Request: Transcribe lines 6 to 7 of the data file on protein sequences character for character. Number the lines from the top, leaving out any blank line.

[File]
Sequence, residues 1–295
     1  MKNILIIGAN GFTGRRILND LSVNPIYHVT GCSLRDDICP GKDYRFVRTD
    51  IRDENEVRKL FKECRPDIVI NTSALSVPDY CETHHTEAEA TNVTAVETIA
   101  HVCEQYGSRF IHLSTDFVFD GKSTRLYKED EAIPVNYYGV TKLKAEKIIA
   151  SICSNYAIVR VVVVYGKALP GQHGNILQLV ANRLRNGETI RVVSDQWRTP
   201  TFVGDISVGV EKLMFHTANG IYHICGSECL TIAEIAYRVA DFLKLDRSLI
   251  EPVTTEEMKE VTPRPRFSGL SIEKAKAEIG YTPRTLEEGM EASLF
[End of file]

   201  TFVGDISVGV EKLMFHTANG IYHICGSECL TIAEIAYRVA DFLKLDRSLI
   251  EPVTTEEMKE VTPRPRFSGL SIEKAKAEIG YTPRTLEEGM EASLF